Writing Exercise: Horror Stories From Fairy Tales & Nursery Rhymes.

A dark and unilluminated sect of our psyche’s exists in the realm of scared little children. Why? Because our fairy tales and nursery rhymes are freaking horror stories! Seriously, almost all of our popular fairy tales have some sort of sick, sadistic or brutal seed somewhere in there, way back in the day.

You can purchase this wonderful print here.

You can purchase this wonderful print here.

For example, in one version of Sleeping Beauty, the princess is raped, and gives birth, all while in A COMA. Oh yeah, that isn’t scary at all. Totally family friendly.

As if a poisoned apple isn’t bad enough, in Snow White & the Seven Dwarfs, Snow white is like, 9 or 16, depending on who you ask; the dwarves MAKE her work in exchange for their protection; and the evil stepmother queen eats the HEART and the LIVER she thinks is Snow White’s. Um, yeah, cannibalism we can deal with, but child labor laws aught not to be broken. Not to mention the pedophile prince. *shudder*

Children’s nursery rhymes and songs are just as terrifying. Ever heard of Little Bunny FooFoo? If you haven’t heard of him, it is because he’s dead, or a goon, or a viscous little shit standing over a pile of dead field mice. … boppin’ ‘im on the head.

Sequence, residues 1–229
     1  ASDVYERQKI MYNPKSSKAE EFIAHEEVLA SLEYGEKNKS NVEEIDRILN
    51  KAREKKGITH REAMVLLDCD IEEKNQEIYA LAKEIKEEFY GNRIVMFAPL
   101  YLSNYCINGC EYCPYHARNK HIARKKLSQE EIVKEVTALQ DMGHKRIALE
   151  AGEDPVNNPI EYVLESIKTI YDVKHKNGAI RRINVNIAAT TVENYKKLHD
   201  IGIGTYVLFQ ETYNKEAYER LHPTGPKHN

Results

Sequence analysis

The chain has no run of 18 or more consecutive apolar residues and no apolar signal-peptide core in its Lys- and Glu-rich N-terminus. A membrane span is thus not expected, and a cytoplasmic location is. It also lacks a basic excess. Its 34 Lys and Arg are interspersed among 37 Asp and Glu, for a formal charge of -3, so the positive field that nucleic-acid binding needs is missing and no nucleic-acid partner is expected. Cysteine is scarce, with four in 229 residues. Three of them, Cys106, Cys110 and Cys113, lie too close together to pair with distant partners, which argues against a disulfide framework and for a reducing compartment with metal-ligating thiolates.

How about that big bad, scary bee all these little kids are crushing? Hmmmm…I’m pretty sure the little Buddhist children would be appalled.

We can’t forget “The London Bridge is Falling Down.” Because, a childish reenactment of a bridge burning and collapsing and the possible reference to burying a virgin alive as a sacrifice is completely wholesome.

And of course, the rotten cherry on this disgustingly devious cake, we have “Ring Around the Posy” which is actually about the plague. :/

This is some seriously creepy shit, peoples.

As an acute sufferer of chronic writer’s block, I’ve come to learn the morbid truth: if you can’t write, research!

So for today’s assignment, pick a fairy tale, nursery rhyme, or children’s game, research the origins as far back as you can go, and it may take a time or two, but eventually you are going to find a bat shit crazy little nugget dripping in pure, unadulterated horror. Now you’ve found a story, go!